- Under certain circumstances an IVA can result in an existing bankruptcy being annulled.
- You pay back more of your debt.
This is the advantage for the creditors. IVAs were created, in part, to allow creditors to get back more of their money than they would through bankruptcy. In bankruptcy, you may be required to make payments from income for up to 3 years if you can afford to. With an IVA you agree to repay what you can afford for five years.
- You can still be made bankrupt.
If you fail to maintain the agreed IVA payments, your IVA may be terminated by your supervisor or your creditors may choose to start bankruptcy proceedings against you. This may leave you in a worse financial position than if you chose bankruptcy over an IVA in the first place, as debt is only written off at the successful completion of the IVA.
How an IVA works
An IVA is a legal process and can only be setup under the supervision of a regulated Insolvency Practitioner.
An Insolvency Practitioner is a regulated qualified professional who specialises in matters concerning formal insolvency procedures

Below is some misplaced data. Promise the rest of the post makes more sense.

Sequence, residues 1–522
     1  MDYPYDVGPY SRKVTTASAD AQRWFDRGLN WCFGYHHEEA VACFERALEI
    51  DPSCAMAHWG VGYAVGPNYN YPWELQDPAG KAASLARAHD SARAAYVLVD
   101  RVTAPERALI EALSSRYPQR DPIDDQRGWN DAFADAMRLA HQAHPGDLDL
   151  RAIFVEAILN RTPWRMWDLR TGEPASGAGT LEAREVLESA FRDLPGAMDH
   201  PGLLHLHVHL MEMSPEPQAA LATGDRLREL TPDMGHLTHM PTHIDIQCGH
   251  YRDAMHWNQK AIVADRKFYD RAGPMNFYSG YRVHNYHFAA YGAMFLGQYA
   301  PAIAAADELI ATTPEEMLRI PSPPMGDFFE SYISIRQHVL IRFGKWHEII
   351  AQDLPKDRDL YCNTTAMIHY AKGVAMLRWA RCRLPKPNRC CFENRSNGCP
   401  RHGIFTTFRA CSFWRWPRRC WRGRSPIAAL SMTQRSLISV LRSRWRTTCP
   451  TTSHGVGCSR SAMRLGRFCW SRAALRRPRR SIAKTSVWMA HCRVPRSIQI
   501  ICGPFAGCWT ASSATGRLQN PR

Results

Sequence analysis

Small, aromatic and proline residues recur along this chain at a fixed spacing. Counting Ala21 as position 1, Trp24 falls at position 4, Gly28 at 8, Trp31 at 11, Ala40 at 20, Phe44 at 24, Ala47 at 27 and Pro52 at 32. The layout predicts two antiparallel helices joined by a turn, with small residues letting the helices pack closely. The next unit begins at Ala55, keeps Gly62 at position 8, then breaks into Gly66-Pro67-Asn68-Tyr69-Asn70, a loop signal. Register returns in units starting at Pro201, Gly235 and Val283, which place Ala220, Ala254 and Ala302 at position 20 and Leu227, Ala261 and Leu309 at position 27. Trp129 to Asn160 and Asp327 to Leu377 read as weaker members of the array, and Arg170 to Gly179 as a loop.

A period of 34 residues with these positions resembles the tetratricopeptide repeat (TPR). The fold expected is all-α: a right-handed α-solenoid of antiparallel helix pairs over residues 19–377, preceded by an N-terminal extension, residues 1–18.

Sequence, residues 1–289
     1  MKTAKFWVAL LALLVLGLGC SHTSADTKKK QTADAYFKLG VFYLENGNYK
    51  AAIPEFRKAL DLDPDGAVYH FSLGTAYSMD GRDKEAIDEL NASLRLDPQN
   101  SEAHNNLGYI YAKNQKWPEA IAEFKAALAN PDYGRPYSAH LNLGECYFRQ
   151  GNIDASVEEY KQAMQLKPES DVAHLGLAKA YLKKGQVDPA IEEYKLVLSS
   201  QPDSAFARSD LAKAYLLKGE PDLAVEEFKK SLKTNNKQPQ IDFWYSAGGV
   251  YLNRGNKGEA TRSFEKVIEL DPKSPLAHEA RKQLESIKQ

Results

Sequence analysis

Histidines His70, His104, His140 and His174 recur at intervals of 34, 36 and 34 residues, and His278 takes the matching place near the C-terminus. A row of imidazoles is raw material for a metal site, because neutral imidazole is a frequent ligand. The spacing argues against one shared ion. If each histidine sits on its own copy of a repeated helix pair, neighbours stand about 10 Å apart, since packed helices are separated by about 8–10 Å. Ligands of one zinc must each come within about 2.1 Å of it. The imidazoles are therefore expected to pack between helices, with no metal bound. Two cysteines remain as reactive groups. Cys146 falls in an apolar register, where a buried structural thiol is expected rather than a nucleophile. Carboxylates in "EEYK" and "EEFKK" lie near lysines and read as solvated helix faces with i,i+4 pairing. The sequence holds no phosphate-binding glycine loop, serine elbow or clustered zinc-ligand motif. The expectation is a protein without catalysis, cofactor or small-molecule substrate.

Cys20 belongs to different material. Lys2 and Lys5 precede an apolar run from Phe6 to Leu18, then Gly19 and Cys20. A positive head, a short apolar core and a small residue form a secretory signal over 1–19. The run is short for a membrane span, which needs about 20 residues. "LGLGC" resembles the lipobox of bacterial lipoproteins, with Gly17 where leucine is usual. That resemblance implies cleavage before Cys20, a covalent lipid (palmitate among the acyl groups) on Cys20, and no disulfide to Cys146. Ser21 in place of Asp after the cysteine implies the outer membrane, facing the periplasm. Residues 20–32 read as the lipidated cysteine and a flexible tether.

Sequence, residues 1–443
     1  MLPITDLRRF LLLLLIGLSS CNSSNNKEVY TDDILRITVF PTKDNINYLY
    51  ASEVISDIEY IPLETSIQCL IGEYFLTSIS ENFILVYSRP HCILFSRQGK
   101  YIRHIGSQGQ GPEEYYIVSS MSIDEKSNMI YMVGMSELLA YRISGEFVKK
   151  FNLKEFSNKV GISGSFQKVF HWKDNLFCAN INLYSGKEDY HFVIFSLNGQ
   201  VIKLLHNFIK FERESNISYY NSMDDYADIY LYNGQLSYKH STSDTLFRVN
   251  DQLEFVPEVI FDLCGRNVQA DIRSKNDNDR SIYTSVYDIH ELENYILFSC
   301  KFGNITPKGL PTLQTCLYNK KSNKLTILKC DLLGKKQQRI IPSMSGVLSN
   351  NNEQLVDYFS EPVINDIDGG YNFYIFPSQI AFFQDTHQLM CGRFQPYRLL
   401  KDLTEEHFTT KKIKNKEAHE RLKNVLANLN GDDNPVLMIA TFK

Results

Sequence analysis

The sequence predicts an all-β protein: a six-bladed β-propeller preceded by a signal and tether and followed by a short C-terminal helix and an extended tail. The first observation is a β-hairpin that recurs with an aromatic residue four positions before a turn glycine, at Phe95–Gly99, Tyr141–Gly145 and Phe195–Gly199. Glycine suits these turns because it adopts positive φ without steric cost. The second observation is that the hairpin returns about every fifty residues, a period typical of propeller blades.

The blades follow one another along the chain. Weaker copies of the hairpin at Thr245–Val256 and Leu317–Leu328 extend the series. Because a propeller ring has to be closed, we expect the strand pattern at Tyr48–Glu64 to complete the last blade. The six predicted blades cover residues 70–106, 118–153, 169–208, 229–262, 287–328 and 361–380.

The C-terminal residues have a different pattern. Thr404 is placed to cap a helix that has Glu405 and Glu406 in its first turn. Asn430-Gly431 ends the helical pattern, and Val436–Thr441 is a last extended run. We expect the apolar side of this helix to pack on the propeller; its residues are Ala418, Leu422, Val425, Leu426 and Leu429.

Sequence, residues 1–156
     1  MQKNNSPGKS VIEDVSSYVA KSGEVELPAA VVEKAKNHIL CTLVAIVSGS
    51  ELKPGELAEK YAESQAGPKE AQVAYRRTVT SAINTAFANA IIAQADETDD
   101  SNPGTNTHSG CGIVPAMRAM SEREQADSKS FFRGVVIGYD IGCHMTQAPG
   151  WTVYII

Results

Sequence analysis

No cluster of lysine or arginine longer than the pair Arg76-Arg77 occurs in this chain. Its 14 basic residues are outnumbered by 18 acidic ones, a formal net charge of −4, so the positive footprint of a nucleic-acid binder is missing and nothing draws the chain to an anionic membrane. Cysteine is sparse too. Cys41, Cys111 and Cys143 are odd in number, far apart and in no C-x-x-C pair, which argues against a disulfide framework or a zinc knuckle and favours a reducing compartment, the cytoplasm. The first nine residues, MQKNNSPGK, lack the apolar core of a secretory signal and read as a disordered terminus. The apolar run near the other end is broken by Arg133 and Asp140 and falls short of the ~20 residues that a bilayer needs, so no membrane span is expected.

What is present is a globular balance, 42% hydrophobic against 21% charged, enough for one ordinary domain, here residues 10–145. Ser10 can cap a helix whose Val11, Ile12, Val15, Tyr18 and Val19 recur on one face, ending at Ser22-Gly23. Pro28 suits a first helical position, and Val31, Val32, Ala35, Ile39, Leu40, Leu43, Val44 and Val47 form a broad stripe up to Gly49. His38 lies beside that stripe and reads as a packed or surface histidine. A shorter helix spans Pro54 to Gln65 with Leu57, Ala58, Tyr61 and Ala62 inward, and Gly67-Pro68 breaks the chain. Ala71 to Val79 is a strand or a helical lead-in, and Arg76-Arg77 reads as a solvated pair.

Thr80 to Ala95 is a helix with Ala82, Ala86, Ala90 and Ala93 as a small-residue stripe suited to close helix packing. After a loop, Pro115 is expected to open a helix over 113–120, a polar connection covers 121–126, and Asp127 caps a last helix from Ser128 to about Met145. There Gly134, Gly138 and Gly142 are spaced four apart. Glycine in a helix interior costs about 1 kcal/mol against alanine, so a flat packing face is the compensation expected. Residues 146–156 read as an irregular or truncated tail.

You need to speak to an IVA provider such as ourselves to explain your financial situation.
If an IVA is suitable, and should you wish to proceed, we’ll help your prepare an IVA proposal. This is your offer to your creditors. It details your financial circumstances and how much you can realistically pay each month towards your debts.
The proposal is presented to all creditors – who vote on it. If 75% (by value of the total debt) who choose to vote (some don’t), do so in favour your IVA is accepted. All creditors, even those who have not voted or have voted against are bound by the IVA – meaning you are protected.
We Provide IVAs. An informal chat (about 20 minutes) with an advisor will make clear if an IVA is suitable for you.
Some debt is written off
After the agreement is completed, any remaining debt within the IVA is written off.
You only need to pay what you can afford once you’ve met your essential living costs.